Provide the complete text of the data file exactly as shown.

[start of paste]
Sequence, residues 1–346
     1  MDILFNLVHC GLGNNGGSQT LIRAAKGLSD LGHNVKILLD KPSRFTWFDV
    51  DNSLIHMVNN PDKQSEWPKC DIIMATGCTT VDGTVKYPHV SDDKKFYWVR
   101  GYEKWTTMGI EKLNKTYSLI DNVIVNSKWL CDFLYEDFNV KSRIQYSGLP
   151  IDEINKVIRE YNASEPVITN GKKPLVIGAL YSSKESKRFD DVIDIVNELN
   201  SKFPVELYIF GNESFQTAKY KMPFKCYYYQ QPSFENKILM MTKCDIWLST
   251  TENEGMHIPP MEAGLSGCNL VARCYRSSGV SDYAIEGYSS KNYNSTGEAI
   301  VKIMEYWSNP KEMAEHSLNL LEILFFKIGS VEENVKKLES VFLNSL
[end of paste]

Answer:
Sequence, residues 1–346
     1  MDILFNLVHC GLGNNGGSQT LIRAAKGLSD LGHNVKILLD KPSRFTWFDV
    51  DNSLIHMVNN PDKQSEWPKC DIIMATGCTT VDGTVKYPHV SDDKKFYWVR
   101  GYEKWTTMGI EKLNKTYSLI DNVIVNSKWL CDFLYEDFNV KSRIQYSGLP
   151  IDEINKVIRE YNASEPVITN GKKPLVIGAL YSSKESKRFD DVIDIVNELN
   201  SKFPVELYIF GNESFQTAKY KMPFKCYYYQ QPSFENKILM MTKCDIWLST
   251  TENEGMHIPP MEAGLSGCNL VARCYRSSGV SDYAIEGYSS KNYNSTGEAI
   301  VKIMEYWSNP KEMAEHSLNL LEILFFKIGS VEENVKKLES VFLNSL